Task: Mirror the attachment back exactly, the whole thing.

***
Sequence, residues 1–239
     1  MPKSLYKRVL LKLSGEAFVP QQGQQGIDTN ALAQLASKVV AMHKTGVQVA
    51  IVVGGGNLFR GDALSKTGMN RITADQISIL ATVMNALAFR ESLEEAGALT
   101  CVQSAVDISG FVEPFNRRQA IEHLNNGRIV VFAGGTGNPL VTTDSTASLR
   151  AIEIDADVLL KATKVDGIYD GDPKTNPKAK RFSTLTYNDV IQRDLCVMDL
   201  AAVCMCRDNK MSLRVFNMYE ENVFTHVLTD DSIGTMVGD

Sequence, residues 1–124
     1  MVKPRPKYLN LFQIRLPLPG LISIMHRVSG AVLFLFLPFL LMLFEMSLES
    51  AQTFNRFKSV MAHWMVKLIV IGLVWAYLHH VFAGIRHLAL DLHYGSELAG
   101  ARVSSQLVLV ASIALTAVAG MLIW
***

Sequence, residues 1–239
     1  MPKSLYKRVL LKLSGEAFVP QQGQQGIDTN ALAQLASKVV AMHKTGVQVA
    51  IVVGGGNLFR GDALSKTGMN RITADQISIL ATVMNALAFR ESLEEAGALT
   101  CVQSAVDISG FVEPFNRRQA IEHLNNGRIV VFAGGTGNPL VTTDSTASLR
   151  AIEIDADVLL KATKVDGIYD GDPKTNPKAK RFSTLTYNDV IQRDLCVMDL
   201  AAVCMCRDNK MSLRVFNMYE ENVFTHVLTD DSIGTMVGD

Sequence, residues 1–124
     1  MVKPRPKYLN LFQIRLPLPG LISIMHRVSG AVLFLFLPFL LMLFEMSLES
    51  AQTFNRFKSV MAHWMVKLIV IGLVWAYLHH VFAGIRHLAL DLHYGSELAG
   101  ARVSSQLVLV ASIALTAVAG MLIW